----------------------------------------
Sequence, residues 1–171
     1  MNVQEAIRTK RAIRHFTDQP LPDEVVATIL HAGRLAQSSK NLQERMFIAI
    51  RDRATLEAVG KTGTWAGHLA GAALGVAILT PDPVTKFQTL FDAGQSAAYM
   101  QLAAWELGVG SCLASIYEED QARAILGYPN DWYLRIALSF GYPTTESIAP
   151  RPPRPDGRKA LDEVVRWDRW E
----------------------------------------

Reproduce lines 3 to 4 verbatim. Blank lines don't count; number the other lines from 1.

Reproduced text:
    51  RDRATLEAVG KTGTWAGHLA GAALGVAILT PDPVTKFQTL FDAGQSAAYM
   101  QLAAWELGVG SCLASIYEED QARAILGYPN DWYLRIALSF GYPTTESIAP